Unfortunately, to the extent most Christians think about anthropology at all, they reduce it to a series of propositions: We are created in God’s image; we are fallen; therefore, we should neither kill the very young (including the unborn), the sick, or the very old, nor expect much of those in-between.
That only sounds like a parody. A Christian understanding of the, to borrow a phrase from Reinhold Niebuhr, nature and destiny of man must begin, as all Christian ideas must, with what God has done in and through Jesus Christ.
Most contemporary Christian thinking about that question is as every bit as truncated as our thinking about anthropology. There’s Jesus’ birth and then there’s Good Friday, with Easter as a kind of validation of what happened on Good Friday. The 33 years in between are treated as if they were epiphenomenal—a kind of “side effect” of the Incarnation, instead of being an indispensable part of it.
That’s a shame, but because the firmest ground for solidarity lies in, as my old friend Christopher Hancock calls it, Jesus’ “continuing humanity.”
That’s right, continuing. The one who is “seated at the right hand of Father,” and upon whom has been bestowed “the name that is above every name,” is and forever will be every bit as human as you and I.
Hebrews 2 -- in fact, the entire epistle -- is largely a meditation on Jesus' continuing humanity and His solidarity with us. The author speaks of Jesus as the One to whom “God subjected the world to come,” and as authority quotes Psalm 8: “What is man, that you are mindful of him, or the son of man, that you care for him? You made him for a little while lower than the angels; you have crowned him with glory and honor, putting everything in subjection under his feet” -- a passage that outside of Hebrews is not associated with the Messiah but with us, good old homo sapiens.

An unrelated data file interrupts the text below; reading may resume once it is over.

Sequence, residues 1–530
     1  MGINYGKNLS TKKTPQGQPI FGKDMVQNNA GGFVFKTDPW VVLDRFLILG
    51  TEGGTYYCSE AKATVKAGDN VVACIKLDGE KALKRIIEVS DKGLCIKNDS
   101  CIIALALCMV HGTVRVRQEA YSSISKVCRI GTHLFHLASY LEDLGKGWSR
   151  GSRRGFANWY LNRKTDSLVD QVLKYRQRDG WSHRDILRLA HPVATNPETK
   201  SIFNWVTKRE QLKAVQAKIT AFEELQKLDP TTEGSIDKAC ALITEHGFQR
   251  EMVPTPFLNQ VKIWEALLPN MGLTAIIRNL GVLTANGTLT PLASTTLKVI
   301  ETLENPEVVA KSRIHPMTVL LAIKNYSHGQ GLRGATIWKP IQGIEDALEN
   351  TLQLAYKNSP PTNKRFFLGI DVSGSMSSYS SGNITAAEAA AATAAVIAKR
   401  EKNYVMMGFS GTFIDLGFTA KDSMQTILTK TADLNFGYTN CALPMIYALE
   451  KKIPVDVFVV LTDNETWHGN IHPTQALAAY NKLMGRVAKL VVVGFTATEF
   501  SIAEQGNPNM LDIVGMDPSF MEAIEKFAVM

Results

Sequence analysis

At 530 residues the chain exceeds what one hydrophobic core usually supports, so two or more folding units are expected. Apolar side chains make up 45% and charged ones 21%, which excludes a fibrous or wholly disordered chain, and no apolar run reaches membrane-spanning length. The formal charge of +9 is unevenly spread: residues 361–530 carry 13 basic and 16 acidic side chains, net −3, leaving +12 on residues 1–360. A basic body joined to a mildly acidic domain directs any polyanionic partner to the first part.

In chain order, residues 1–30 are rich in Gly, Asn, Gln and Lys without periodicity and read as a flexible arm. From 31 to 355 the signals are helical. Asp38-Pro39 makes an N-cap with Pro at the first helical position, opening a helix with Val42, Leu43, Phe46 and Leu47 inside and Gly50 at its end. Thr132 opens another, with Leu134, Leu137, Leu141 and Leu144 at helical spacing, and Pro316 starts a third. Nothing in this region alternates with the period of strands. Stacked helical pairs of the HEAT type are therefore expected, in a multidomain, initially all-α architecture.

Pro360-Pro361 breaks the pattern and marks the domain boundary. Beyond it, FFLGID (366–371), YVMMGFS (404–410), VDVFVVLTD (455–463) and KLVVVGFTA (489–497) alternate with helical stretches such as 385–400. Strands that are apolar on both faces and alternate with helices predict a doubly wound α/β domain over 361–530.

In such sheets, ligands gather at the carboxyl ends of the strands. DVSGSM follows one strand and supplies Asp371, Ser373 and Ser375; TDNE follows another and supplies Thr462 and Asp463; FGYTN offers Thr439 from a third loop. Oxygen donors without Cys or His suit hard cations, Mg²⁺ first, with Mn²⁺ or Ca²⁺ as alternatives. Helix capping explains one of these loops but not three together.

Throughout the epistle, the author makes it clear that our destiny and Jesus’ destiny are inextricably intertwined. We are told “he who sanctifies and those who are sanctified all have one source.” Thus, Jesus is “not ashamed to call [us] brothers.” Indeed, it could not be otherwise since, “he had to be made like his brothers in every respect.” As the Cappadocian Fathers insisted, “What He did not assume He cannot heal.”
There is another sense in which we “all have one source” (ex henos pantes, “all are of one”). Despite our varied appearance, human beings are, genetically speaking, a remarkably un-diverse lot. There is probably more genetic diversity in the various groups of chimpanzees scattered through central Africa than there is in the entire human race -- all seven billion-plus of us. There is ten times more genetic diversity among fruit flies than among humans. As anthropologist Chris Stringer put it, “Relative to many other species, we’re almost clones of each other.”
This fact about what it means to be human delights me in more ways than I can count, starting with its implications for our solidarity. In a way that is not true of any other species, a single individual can represent the entirety of the race. Just as the first Adam’s trespass “led to condemnation for all men,” so the Last Adam’s “act of righteousness leads to justification and life for all men.”
Similarly, when Jesus says “I was hungry and you gave Me food, I was thirsty and you gave Me drink, I was a stranger and you welcomed Me, I was naked and you clothed Me, I was sick and you visited Me, I was in prison and you came to Me,” he is not speaking figuratively: it is Him -- or if you insist, a very close relative -- for whom you are doing these things. Likewise, if we ignore the thirsty, the immigrant (xenon, literally “alien” as in “xenophobia”), the naked, the sick, or the prisoner, we are, in as a real a sense as it gets, ignoring Jesus.
In a Christian understanding of solidarity, there are no “beggars,” only brethren. There are no “strong and productive” or “weak and useless.” There is only, as Alasdair MacIntyre has written, a “network of relationships of giving and receiving” in which what we are called “to give may be quite disproportionate to what [we] have received and . . . those to whom [we are] called upon to give may well be those from whom [we] shall receive nothing.”
What’s more, those who do the giving one day will almost certainly be on the receiving end at another time. We owe each other our best efforts because we are all in this together, whether we care to admit it or not.
Mostly not. This kind of mutual dependence and responsibility for each other goes against the grain of American thinking in more ways than I care to count. That doesn’t make any less dependent, though. It simply means that, like Nancy Kress, we can’t explain why our inescapable dependence shouldn’t cause us to lose sleep, genemods or not.
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